Thank you so very much for your recent inquiry about my well being, as well as a cautious reminder that my subscription to your fine journal has expired. The two are intertwined in such a way that demands explanation and I will offer such in a way I hope will explain the intersection of such seemingly unrelated things.
I remembered that when my last volume of the journal arrived, it had a coverlet, which I know is a piece of bedding but still sufficed to tell me that the issue would be the last. I made note of this, entering it into my calendar on the day following what was to be a needed surgery. One never knows what to expect in the wake of a surgery, but the worst-case scenario would have me facing death in spite of whatever chemical concoctions could be offered to delay the inevitable.
In recognition of my advanced years and my effort to be thrifty with whatever limited funds I have at my disposal, I have long ago stopped buying large jars of mayonnaise. The same would apply to any subscriptions I might have. Currently, your journal and The New Yorker are the only two. I have tried to subscribe to a local paper but alas, the 800 number doesn’t work. Such is the way of modernity, I guess.
Anyway, I didn’t hear the results of the surgery until this past Friday, which I found to be an unnecessary inconvenience, not to mention the edge-of-my-seat stress over the matter for that long. To that end, I decided to forgo making any remittance to your publication’s office on the off chance that I might expire before the next issue arrives.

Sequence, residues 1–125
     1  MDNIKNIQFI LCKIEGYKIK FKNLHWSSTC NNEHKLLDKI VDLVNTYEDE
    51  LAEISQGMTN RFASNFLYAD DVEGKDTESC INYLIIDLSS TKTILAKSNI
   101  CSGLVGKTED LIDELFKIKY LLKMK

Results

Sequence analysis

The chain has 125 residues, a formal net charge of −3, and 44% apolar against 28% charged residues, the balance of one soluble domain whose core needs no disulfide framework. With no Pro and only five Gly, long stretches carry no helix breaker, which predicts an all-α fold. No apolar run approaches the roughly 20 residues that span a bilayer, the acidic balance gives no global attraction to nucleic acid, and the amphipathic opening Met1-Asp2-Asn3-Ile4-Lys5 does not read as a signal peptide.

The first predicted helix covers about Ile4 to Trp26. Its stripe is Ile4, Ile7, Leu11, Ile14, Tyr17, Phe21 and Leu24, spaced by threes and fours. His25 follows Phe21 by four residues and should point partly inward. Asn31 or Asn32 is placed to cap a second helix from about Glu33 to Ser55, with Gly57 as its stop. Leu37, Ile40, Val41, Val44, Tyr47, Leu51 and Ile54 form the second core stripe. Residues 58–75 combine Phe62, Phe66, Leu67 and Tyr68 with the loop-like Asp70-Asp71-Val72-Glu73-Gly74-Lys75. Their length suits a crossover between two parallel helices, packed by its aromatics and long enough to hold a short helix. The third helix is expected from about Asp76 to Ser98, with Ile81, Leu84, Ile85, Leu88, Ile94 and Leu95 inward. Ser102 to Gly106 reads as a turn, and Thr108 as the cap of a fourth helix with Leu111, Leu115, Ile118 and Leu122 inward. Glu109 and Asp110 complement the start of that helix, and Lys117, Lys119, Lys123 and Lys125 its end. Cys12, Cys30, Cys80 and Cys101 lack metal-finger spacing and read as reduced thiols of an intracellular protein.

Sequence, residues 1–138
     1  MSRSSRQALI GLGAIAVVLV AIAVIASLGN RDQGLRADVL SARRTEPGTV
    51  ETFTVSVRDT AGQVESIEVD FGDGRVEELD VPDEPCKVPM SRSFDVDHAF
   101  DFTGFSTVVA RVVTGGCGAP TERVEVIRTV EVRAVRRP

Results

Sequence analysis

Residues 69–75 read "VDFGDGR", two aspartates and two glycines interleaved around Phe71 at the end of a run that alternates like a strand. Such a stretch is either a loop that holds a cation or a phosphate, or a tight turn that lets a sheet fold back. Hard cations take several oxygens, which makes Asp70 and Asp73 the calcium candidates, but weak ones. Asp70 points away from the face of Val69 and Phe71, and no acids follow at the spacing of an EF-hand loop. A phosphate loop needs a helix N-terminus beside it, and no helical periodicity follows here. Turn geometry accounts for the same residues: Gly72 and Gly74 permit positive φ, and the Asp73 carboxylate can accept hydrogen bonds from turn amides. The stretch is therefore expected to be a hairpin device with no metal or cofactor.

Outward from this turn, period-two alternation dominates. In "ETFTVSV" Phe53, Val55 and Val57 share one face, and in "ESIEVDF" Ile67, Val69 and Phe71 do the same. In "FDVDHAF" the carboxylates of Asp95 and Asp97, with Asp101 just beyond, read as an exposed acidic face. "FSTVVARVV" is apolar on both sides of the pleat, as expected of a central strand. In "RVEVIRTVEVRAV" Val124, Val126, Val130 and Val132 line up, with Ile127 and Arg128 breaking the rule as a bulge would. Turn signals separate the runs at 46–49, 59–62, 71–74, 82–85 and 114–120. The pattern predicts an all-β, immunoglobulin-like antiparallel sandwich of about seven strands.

The intervening twelve days between surgery and diagnosis gave me time to become enlightened about stress, something I’ve already mentioned. Somebody whose name I didn’t recognize said “the truth is that stress doesn’t come from your boss, your kids, your spouse, traffic jams, health challenges, or other circumstances. It comes from your thoughts about your circumstances.”
There are a lot of opportunities for dialog in that statement, most of which I disagree with. I have no boss, my kids are grown, my spouse is just fine in spite of a pelvis with multiple fractures, and I no longer drive due to an infirmity of my feet that does not allow me to feel the pedals of an automobile. My health challenges, despite that ridiculous naming, are the only circumstances that are currently driving me to a level of stress perhaps unknown to the universe. They do, however, stem from my thoughts about my circumstances.
To that end, I must admit that my days seem filled with a certain melancholy, heightened, as it were, by my rather arduous schedule of study I’ve undertaken. As you may remember (although why would you remember such an odd fact of my intellectual pursuits?) I’m now in my twenty-third year of my daily dissection of Plato’s Protagoras. It is a painstaking slog I’ve faced that makes me wish I had a formal understanding of the Greek language. Few words seem to be repeated by the twenty-one attendees, despite their shared views about the teachability of virtue. I have come to the conclusion that virtue can be taught, although only by a tenured Hasidic rabbi. However, I’ve still a long way to go and Plato (were there so few people then that a single name was enough?) just might have a surprise ending in store.